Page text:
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Reviews Categories | Antenna Analyzers | RigExpert AA-54 Help

Reviews Summary for RigExpert AA-54
RigExpert AA-54 Reviews: 2 Average rating: 5.0/5 MSRP: $350
Description: RigExpert AA-54 is a powerful antenna analyzer designed for testing, checking, tuning or repairing antennas and antenna feedlines.
Product is in production.
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N0TES Rating: 5/5 Jul 15, 2014 10:48 Send this review to a friend
Would buy another  Time owned: more than 12 months
I've been using this analyzer for building antennas for along time now. I have found many fun ways to use it; from the capability to monitor the SWR of 5 bands while making adjustments on our broadband antennas, to exporting the data produced by the meter to PDFs I can share with our customers. This meter always is within arms reach!
KC9SWV Rating: 5/5 Apr 7, 2014 16:44 Send this review to a friend
Extremely Helpful  Time owned: 0 to 3 months
I bought the RigExpert AA-54 as a birthday present to myself. I have used the ubiquitous MFJ-259 meter before, but this is the first analyer I have owned personally.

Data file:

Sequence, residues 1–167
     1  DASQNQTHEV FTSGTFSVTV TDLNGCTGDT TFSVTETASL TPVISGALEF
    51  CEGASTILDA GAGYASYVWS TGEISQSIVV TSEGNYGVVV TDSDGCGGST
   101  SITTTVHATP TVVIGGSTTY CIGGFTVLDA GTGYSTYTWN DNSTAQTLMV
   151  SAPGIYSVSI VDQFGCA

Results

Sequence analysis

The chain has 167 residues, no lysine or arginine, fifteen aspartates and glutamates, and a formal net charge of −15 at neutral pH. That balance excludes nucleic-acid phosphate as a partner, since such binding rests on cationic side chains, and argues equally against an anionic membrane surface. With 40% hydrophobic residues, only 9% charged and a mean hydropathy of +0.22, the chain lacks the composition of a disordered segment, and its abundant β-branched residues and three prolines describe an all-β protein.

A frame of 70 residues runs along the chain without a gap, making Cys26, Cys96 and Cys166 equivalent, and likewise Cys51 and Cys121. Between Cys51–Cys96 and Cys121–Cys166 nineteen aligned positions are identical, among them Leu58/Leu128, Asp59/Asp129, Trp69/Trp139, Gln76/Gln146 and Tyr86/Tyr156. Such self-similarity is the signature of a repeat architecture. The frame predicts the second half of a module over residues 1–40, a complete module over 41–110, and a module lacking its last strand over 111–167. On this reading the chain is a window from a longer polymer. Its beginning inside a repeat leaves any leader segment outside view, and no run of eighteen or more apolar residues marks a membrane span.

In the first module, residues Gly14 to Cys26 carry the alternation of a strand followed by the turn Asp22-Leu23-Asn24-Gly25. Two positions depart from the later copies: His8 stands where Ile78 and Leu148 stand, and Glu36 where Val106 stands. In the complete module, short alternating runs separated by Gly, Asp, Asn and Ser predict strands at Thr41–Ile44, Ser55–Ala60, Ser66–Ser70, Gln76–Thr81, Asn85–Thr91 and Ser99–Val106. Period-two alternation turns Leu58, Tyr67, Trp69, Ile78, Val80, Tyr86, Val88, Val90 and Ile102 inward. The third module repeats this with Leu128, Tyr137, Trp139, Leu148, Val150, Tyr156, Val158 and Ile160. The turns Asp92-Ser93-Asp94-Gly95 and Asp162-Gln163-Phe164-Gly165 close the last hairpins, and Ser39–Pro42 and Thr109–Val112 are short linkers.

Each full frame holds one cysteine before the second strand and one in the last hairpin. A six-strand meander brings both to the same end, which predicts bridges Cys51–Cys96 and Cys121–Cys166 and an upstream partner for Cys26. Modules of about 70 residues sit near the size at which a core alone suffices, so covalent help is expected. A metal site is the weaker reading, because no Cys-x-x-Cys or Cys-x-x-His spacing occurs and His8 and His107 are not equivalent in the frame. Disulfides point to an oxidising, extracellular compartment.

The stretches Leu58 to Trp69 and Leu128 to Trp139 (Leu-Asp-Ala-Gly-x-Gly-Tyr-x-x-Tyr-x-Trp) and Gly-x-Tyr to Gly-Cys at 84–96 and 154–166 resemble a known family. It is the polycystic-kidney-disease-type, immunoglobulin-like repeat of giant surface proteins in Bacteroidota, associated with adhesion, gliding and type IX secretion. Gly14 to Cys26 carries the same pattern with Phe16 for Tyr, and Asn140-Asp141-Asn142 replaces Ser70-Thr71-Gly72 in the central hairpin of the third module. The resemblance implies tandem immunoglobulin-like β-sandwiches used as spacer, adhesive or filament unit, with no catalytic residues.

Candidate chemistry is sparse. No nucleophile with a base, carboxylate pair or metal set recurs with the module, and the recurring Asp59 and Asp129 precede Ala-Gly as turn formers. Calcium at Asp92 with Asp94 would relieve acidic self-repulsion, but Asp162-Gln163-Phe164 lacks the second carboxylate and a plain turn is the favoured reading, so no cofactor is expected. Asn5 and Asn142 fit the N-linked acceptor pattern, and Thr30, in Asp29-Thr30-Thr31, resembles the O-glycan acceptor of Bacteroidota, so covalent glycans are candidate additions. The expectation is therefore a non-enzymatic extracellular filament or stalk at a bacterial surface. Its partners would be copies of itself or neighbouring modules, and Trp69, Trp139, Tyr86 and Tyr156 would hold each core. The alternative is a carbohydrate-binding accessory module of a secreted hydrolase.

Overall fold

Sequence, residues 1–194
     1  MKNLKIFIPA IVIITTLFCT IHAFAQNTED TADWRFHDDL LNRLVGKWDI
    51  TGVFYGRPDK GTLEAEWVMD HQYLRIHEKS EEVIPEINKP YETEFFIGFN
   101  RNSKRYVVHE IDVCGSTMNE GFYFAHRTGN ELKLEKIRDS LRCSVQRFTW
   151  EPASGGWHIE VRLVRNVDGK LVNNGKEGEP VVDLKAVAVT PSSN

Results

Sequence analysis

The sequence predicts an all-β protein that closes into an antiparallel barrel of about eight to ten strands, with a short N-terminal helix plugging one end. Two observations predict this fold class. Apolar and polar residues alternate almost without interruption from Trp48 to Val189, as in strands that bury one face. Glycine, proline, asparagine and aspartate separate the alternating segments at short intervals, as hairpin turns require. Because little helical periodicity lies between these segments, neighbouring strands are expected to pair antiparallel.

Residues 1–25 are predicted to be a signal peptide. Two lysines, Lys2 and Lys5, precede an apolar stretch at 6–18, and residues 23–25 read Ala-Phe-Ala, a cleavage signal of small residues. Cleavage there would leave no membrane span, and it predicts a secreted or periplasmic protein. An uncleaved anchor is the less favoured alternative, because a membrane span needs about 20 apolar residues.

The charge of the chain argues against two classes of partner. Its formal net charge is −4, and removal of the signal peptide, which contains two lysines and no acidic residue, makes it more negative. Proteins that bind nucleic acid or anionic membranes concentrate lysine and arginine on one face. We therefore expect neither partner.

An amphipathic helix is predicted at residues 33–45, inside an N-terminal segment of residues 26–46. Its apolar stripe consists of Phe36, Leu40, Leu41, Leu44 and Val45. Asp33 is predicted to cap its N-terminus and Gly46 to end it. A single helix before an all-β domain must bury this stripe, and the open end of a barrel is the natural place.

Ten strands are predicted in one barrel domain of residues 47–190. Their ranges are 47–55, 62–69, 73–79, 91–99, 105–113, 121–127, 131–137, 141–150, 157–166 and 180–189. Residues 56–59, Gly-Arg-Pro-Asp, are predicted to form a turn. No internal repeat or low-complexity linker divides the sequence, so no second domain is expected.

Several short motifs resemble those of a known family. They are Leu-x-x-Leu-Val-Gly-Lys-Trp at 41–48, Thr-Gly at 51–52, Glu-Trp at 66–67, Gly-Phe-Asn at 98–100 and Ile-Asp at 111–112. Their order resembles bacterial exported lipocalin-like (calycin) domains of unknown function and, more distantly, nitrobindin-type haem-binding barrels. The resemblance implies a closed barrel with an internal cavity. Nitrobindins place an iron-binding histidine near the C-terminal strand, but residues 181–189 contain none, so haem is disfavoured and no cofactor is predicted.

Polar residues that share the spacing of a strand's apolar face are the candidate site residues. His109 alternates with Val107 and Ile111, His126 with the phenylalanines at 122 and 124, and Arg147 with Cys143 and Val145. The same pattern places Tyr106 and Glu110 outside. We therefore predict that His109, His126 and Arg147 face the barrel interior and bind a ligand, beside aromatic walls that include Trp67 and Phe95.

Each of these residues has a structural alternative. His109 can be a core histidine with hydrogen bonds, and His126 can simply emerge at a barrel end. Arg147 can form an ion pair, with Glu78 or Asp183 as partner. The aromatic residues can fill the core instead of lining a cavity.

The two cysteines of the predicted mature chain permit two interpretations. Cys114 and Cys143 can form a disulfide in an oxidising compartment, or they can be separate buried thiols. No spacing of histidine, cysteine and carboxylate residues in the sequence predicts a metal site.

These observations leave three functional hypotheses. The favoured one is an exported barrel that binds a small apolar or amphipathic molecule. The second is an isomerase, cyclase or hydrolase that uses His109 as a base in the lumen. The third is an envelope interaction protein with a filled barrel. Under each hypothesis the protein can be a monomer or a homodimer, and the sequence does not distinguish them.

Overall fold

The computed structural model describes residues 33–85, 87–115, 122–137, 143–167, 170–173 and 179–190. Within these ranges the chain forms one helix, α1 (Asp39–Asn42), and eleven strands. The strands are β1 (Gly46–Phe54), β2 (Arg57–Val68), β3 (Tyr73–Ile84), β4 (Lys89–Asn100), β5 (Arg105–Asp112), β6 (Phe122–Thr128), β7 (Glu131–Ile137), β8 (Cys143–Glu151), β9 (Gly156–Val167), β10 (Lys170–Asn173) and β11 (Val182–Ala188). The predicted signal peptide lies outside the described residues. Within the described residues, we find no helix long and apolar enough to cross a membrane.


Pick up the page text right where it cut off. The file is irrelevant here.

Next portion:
The display is fairly nice as ham equipment goes (they all tend to be about a generation behind the rest of the electronics world) and a vast improvement over needle-type meters. The update rate of the screen seems perfectly adequate for an SWR meter, as the SWR of an antenna is unlikely to change very quickly.

The memories are nice as you don't have to remember or write down everything while you're tuning or testing an antenna. This was the big thing that sold me on the -54 over the -30, as I don't currently work 6 meters.

The output is +13dBm into 50 Ohms so you can use it as a frequency source as well, but hooking it to our HP/Agilent spectrum analyzer at work through an attenuator showed a good deal of spurious noise, so I wouldn't rely on it as a primary for that role. As a note, the actual frequency source only goes up to 10 or so Mhz, after that it uses harmonics for tuning.

The user interface is a little clunky in that it uses numbered menu items instead of scrolling with the already present arrow keys. Not sure what the thought there was, but at least each digit performs the same function throughout the interface (2 always sets the frequency, 3 always sets the range, etc).

I have yet to try the computer software, but it looks to add a great deal of value as well. I'm also fairly certain that with the PC programs one can do time-domain reflectrometry for making 1/4 and 1/2 wavelength coax stubs and locating coax flaws!

Overall I am extremely happy with my purchase and hope to one day upgrade to a -170 model so I can make myself some 2m antennas as well. I would recommend this analyzer to anyone looking for a great value!

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